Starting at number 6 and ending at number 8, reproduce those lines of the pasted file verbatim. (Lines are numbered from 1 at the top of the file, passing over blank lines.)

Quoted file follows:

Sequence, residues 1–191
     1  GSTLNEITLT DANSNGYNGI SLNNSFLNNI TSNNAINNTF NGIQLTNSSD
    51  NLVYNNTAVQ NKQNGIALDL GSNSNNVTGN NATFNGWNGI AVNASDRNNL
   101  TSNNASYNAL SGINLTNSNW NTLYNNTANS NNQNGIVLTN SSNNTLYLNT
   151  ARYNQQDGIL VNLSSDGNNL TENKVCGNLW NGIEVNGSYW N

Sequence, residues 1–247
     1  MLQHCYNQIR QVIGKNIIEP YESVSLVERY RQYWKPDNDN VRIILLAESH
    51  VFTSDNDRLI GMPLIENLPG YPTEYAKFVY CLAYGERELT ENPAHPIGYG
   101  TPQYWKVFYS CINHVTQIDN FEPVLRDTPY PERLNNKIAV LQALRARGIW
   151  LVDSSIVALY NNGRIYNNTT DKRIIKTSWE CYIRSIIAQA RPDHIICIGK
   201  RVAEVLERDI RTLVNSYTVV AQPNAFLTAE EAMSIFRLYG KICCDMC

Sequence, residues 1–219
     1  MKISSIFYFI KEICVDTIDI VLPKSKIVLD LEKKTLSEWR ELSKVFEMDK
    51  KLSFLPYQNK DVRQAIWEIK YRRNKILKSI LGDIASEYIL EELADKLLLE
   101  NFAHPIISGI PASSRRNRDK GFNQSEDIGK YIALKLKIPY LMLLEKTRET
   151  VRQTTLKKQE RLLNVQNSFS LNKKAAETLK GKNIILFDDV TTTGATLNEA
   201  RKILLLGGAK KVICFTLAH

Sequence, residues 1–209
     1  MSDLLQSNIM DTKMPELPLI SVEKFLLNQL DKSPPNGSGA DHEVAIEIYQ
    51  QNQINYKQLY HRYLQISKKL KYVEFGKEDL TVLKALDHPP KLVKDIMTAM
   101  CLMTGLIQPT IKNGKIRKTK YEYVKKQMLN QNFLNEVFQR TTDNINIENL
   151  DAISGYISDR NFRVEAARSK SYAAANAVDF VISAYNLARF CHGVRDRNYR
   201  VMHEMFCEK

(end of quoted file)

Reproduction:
Sequence, residues 1–247
     1  MLQHCYNQIR QVIGKNIIEP YESVSLVERY RQYWKPDNDN VRIILLAESH
    51  VFTSDNDRLI GMPLIENLPG YPTEYAKFVY CLAYGERELT ENPAHPIGYG